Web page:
Argued May 18, 2015
Action to recover damages for, inter alia, fraudulent nondisclosure, and for other relief, brought to the Superior Court in the judicial district of New London, where the court, Hon. Seymour L. Hendel, judge trial referee, granted the defendant's motion for summary judgment and rendered judgment thereon; thereafter, the court denied the plaintiff's motion for reargument, and the plaintiff appealed to this court.
The plaintiff sought damages from the defendant bank for, inter alia, fraudulent nondisclosure. She claimed that certain fraudulent $10,000 checks had been deposited into her checking account in 2003 and that she was unaware of the alleged fraud until 2009, when, while incarcerated, she learned that another inmate and an accomplice had purchased account numbers from an unnamed employee of the defendant, including the plaintiff's account number, and that the plaintiff's information had been sold. The plaintiff alleged that the defendant never notified her of the alleged fraud and attempted to conceal it from her. The trial court granted the defendant's motion for summary judgment on statutes of limitations grounds and rendered judgment for the defendant. The court thereafter denied the plaintiff's motion for reargument, and the plaintiff appealed to this court. She claimed that the trial court improperly rendered summary judgment because there was a genuine issue of material fact as to when she became aware of the alleged fraud. Held that the trial court properly granted the defendant's motion for summary judgment, the plaintiff having failed to oppose that motion with any admissible evidence that would demonstrate a dispute of material fact as to the defendant's knowledge and concealment of its employee's involvement in the purported fraud so as to support a tolling of the limitations period: the plaintiff's opposition consisted only of her affidavit, which was devoid of a single fact that would demonstrate concealment by the defendant and was filled with inadmissible hearsay as to the alleged 2009 information from the fellow inmate, from whom she failed to obtain an affidavit; accordingly, because the summary judgment motion properly was granted, there was no need for this court to review the propriety of the trial court's denial of the plaintiff's motion for reconsideration.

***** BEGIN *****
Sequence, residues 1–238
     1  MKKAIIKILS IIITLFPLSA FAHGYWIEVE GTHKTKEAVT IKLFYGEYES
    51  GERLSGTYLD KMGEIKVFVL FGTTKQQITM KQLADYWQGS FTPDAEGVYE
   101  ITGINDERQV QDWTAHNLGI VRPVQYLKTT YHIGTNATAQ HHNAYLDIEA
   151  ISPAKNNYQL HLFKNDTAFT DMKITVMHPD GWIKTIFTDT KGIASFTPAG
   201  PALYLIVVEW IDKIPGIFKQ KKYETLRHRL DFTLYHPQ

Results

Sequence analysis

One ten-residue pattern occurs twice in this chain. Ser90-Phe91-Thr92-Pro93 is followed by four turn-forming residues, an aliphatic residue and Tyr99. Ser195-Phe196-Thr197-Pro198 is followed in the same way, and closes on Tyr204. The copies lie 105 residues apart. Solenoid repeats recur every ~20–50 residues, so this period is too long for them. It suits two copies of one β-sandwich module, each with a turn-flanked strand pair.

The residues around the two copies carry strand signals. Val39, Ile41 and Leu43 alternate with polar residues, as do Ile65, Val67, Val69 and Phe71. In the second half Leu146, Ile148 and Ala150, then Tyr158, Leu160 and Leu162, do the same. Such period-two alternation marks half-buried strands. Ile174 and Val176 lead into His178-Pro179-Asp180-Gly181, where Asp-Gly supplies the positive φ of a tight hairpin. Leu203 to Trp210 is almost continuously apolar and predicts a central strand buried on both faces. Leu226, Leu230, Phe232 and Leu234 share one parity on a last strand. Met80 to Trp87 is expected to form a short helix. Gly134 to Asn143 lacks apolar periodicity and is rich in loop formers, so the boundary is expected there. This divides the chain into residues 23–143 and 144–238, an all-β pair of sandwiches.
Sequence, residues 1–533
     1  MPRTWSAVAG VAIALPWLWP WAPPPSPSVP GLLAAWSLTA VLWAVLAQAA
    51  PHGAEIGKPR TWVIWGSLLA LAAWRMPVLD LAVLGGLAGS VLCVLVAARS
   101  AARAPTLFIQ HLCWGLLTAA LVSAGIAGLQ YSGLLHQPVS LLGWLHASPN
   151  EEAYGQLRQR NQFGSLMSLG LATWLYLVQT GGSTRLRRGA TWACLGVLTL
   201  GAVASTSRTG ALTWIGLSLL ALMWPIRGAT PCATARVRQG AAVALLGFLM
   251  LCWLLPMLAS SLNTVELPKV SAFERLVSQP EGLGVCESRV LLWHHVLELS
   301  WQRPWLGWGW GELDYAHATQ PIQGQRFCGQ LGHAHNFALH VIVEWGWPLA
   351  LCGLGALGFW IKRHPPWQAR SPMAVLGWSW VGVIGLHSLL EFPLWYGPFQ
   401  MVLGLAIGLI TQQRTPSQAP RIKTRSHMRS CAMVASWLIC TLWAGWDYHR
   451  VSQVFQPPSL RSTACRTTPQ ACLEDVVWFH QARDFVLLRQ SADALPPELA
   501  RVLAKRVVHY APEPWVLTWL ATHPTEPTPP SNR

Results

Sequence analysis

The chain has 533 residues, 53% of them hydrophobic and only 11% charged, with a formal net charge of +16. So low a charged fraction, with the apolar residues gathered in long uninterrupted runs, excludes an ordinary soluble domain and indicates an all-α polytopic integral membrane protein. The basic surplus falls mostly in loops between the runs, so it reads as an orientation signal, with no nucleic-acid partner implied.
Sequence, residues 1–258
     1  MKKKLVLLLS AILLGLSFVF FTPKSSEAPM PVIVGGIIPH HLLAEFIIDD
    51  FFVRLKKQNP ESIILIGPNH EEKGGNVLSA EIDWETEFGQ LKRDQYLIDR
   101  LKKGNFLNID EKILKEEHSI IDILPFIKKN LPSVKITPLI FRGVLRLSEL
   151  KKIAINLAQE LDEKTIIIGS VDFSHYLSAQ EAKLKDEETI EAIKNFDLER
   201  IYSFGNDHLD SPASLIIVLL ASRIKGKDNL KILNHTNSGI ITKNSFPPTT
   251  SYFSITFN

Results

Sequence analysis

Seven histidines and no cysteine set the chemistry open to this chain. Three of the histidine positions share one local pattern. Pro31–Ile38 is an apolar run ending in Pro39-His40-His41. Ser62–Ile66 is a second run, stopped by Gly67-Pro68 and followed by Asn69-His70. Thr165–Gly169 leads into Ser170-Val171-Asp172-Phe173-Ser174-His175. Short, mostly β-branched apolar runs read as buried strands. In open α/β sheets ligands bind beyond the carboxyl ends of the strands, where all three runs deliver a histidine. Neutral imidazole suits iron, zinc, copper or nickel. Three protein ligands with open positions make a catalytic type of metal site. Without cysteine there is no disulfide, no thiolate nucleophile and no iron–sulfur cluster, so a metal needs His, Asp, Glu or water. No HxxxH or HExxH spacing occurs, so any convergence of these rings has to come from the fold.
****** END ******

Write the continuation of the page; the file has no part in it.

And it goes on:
Chandra Bozelko, self-represented, the appellant (plaintiff).
John C. Pitblado, with whom was Jon Sterling, for the appellee (defendant).
Lavine, Mullins and
[159 Conn.App. 823] MULLINS, J.
The self-represented plaintiff, Chandra Bozelko, appeals from the summary judgment rendered by the trial court in favor of the defendant, Webster Bank, N.A. On appeal, the plaintiff claims that the court improperly ruled that each count of her complaint was barred by a properly asserted statute of limitations defense and that the court abused its discretion in denying her motion to reconsider. We affirm the judgment of the court.
The following facts and relevant procedural history inform our review. In a complaint dated September 1, 2011, the plaintiff brought an action against the defendant in four counts, namely, fraudulent nondisclosure, violation of the Connecticut Unfair Trade Practices Act; General Statutes § 42-110a et seq.; breach of the implied covenant of good faith and fair dealing, and spoliation of evidence. In relevant part, the plaintiff alleged that, in July, 2003, she had a checking account with the defendant, and that on two separate occasions in November, 2003, a fraudulent check in the amount of $10,000 was deposited into her account. She also alleged that the defendant had her arrested and charged with one count of larceny in the first degree and two counts of forgery in the third degree, but that these
charges [159 Conn.App. 824] later were nolled. The plaintiff alleged that, while she was in prison, a fellow inmate informed her that she and an accomplice " had purchased account numbers from an employee [of the defendant] at the 80 Elm Street, New Haven branch in 2003 and that [the] plaintiff's information was [among the] account numbers sold." She further alleged that the defendant " never notified any customers, including [the] plaintiff, of [the] security breach by the employee at the 80 Elm Street branch [and that] . . . [the defendant] made every attempt to conceal its wrongful acts and omissions to [the] plaintiff." On the basis of these alleged facts, the plaintiff brought her four count complaint.
The defendant denied the material allegations of the complaint and raised several special defenses to each count, including statutes of limitations defenses under General Statutes § § 52-584, 42-110g, 52-577, 52-576, " or other applicable statute(s) of limitation." The plaintiff filed a reply in which she simply denied each special defense. On October 1, 2012, the defendant filed a motion for summary judgment with an accompanying memorandum of law, affidavits and other documents. The plaintiff filed a motion in opposition, along with her own affidavit. On April 23, 2014, following a hearing on the motion, the court rendered summary judgment in favor of the defendant on statutes of limitations grounds. The plaintiff then filed a motion to reargue and ...